The container should be opaque, airtight, dry, and made of a material that won’t flavor the beans. Good options include ceramic, glass, and non-reactive metals.
Keep the coffee container somewhere dry and dark and at room temperature or cooler, such as the pantry. It’s okay to store an opaque container on the kitchen counter out of direct sunlight. Keep containers made of clear glass in a dark location.
There are some special vacuum-sealed coffee containers, like the Airscape coffee canister. These containers are more expensive but guarantee an airtight seal and may even boast a one-way valve to let carbon dioxide escape.
Keeping Coffee Fresh by Separating Beans for Daily Use
If you bought more coffee beans than you can use before they go stale, consider storing most of the beans in a large, sealed container.
Fill a smaller container with beans for everyday use. Keep the large storage container somewhere cool and dark, and only open it to refill the smaller container.
This trick lets you keep smaller portions of beans in attractive, easy-to-access containers like Mason jars. Meanwhile, you protect most of the beans from exposure to oxygen.
How to Keep Coffee Fresh in the Freezer
Use the freezer only for long-term coffee storage since the fluctuating temperatures may cause moisture and a bland flavor.
A deep freezer is ideal since it tends to have a more-consistent temperature and is opened less often. Put each coffee bag inside a resealable plastic bag or airtight container.
Ensure that containers are truly airtight to avoid freezer burn and the absorption of flavors from other foods. Divide large quantities of beans into smaller portions in airtight bags or containers.
Only remove as much coffee as you need for the week, then quickly return the remaining beans to the freezer. Let frozen beans thaw before grinding them. Never return thawed beans to the freezer since the temperature changes might cause condensation.
Consider vacuum sealing bags before freezing them to make the beans last longer. Vacuum sealers are available at department and appliance stores.
Keeping Coffee Fresh after You Brew It
The exception to the question “Can you keep coffee in the refridgerator?” is brewed coffee. A cup of coffee starts to lose its flavor within 15 to 60 minutes of being brewed. It lasts longer in an airtight thermos or lidded coffee mug.
Store brewed coffee in the fridge for up to one week in an airtight container. If the container is not completely airtight, cover the top with plastic wrap to prevent the beverage from absorbing odors. Only refrigerate black coffee, especially if you have any plans to reheat it.
The fridge is the best storage location for cold brew. The concentrate keeps for about one week in an airtight container, while the diluted version stays fresh for a few days.
How to Tell if Coffee Beans are Fresh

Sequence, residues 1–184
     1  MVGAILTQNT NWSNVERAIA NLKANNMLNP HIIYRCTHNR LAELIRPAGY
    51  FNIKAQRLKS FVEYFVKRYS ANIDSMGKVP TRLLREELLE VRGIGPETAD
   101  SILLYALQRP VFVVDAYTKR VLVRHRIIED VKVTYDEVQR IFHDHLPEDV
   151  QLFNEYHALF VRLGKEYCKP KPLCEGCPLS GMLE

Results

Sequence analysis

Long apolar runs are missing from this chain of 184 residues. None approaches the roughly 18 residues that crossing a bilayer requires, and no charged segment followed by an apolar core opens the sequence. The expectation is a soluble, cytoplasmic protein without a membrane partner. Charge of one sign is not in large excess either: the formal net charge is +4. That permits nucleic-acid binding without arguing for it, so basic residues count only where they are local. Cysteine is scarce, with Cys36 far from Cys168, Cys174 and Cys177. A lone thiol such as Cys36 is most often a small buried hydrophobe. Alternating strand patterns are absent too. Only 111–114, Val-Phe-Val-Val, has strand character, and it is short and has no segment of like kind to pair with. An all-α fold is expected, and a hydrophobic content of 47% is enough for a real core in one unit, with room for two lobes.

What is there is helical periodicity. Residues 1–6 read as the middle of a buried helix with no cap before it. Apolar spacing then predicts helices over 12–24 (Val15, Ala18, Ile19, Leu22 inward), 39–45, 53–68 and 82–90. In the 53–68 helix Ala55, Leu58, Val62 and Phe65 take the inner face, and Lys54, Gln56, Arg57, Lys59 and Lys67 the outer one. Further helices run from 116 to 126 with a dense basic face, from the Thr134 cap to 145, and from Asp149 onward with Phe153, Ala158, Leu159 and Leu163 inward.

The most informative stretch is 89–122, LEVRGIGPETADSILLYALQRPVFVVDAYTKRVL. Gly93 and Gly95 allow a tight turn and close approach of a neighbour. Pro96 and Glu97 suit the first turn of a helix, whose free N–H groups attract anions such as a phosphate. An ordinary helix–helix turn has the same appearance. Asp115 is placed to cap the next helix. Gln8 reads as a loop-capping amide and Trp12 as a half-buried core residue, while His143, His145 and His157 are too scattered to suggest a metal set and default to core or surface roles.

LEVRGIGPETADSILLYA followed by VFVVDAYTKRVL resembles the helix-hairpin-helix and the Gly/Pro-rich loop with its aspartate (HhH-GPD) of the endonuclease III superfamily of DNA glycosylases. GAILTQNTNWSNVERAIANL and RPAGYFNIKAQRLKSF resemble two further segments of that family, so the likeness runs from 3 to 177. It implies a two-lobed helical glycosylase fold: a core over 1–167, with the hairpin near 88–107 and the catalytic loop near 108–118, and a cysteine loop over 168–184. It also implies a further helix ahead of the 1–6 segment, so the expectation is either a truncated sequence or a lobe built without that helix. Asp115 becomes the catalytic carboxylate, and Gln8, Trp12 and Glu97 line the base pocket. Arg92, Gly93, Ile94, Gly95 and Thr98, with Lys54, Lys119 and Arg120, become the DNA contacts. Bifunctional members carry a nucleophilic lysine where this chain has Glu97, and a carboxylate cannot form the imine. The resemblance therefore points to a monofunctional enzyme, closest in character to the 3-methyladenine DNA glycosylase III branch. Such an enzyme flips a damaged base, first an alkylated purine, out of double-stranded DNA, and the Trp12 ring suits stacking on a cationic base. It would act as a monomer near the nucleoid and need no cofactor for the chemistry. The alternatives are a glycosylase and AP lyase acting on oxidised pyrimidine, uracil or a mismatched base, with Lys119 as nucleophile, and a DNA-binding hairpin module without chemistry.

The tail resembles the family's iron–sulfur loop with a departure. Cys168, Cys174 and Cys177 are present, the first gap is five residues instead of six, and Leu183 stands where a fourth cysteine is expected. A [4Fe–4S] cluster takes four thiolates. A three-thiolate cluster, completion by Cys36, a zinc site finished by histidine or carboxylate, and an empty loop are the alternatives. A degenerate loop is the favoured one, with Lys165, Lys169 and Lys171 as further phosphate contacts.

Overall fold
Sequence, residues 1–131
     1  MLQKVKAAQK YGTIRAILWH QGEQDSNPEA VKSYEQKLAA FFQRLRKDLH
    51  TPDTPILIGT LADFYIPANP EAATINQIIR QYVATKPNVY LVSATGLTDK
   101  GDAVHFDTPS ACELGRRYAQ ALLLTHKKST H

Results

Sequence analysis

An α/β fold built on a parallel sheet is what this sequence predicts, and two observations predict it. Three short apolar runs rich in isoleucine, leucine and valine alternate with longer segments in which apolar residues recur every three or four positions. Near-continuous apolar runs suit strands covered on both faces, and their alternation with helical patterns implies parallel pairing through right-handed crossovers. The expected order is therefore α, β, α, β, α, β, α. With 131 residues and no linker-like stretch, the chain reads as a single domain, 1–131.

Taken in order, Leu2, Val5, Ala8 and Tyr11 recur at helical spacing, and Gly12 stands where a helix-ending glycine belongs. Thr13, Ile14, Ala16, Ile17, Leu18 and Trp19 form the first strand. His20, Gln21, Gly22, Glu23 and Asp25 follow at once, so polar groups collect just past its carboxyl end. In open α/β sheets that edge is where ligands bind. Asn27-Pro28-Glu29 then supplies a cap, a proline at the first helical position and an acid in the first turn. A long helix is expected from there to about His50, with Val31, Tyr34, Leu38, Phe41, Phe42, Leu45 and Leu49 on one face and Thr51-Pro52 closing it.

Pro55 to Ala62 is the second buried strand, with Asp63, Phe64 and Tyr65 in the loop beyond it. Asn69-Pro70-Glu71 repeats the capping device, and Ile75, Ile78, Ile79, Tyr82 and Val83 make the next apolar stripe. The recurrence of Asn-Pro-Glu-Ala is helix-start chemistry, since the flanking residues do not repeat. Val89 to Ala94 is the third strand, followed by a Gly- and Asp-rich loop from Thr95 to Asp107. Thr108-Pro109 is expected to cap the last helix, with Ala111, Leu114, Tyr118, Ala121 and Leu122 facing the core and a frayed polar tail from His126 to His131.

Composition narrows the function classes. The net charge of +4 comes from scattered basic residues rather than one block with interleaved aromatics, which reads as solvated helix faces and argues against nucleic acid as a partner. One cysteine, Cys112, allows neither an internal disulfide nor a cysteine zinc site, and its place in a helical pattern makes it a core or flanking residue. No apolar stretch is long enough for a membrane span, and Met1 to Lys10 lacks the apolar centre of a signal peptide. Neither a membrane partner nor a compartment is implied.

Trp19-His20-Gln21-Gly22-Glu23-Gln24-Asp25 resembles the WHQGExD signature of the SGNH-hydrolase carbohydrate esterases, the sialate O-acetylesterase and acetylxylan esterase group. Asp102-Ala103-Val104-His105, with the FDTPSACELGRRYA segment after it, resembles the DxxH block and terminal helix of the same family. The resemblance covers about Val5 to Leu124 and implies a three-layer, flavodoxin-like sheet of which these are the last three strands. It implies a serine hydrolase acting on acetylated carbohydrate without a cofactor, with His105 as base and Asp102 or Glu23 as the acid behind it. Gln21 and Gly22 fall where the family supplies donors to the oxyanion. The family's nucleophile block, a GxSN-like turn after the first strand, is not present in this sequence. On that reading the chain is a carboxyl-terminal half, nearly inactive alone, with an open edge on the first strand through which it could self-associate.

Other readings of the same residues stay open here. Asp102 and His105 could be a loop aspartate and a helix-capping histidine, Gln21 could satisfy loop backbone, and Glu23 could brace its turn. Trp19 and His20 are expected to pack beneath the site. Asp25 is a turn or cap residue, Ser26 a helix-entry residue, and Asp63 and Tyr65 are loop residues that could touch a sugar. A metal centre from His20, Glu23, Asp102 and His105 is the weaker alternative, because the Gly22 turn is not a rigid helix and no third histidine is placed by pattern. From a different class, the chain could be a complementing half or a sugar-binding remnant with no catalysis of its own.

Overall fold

Freshly roasted beans look glossy due to their escaping oils. Lighter roasts and beans that underwent Swiss Water decaffeination do not turn as glossy. However, they still display dull shininess.
Look for an oily residue on your hands or the inside of the bag. Fresh beans should also release a strong coffee smell. As a test of coffee beans’ freshness, put about half a cup inside a resealable plastic bag. Seal the bag tightly, pressing out excess air.
Leave the bag sitting out overnight. If it has puffed up by the morning, the beans are freshly roasted and still releasing plenty of carbon dioxide.
How to Roast Green Coffee Beans
Preheat the oven to 500℉. Open windows to increase ventilation since roasting often gets smoky. Spread the beans in a single layer on a baking tray that is, preferably, perforated.
Make sure the holes are not big enough for the beans to fall through. Line a non-perforated tray with baking paper and shake it once or twice during the roasting.
Insert the tray on the middle rack in the oven. Expect to hear the first “crack,” which indicates a light roast, in five to seven minutes. The second crack occurs a few minutes later and indicates a medium roast. Wait another 60 seconds before removing the tray from the oven.
Carefully shake the beans between two metal colanders to cool them off. Wear oven mitts. Shake over the sink or outside to avoid getting the chaff—husks—everywhere. Wait 12 hours before sealing the roasted beans in a container.
Keeping coffee fresh involves learning the answer to questions like “Can you keep coffee in the refridgerator?” and “What’s the best coffee storage container?” Although refrigerating coffee is not recommended, it is possible to store beans in the freezer long-term.
Don’t throw away your coffee grounds after you are through with them. Coffee grounds are good for plants. Sprinkle them around the base of plants to enhance the soil and repel bugs.
To ensure that your coffee tastes best, keep it in the pantry in its original package or an airtight container. Educate yourself about how to keep coffee fresh to enjoy the best brew.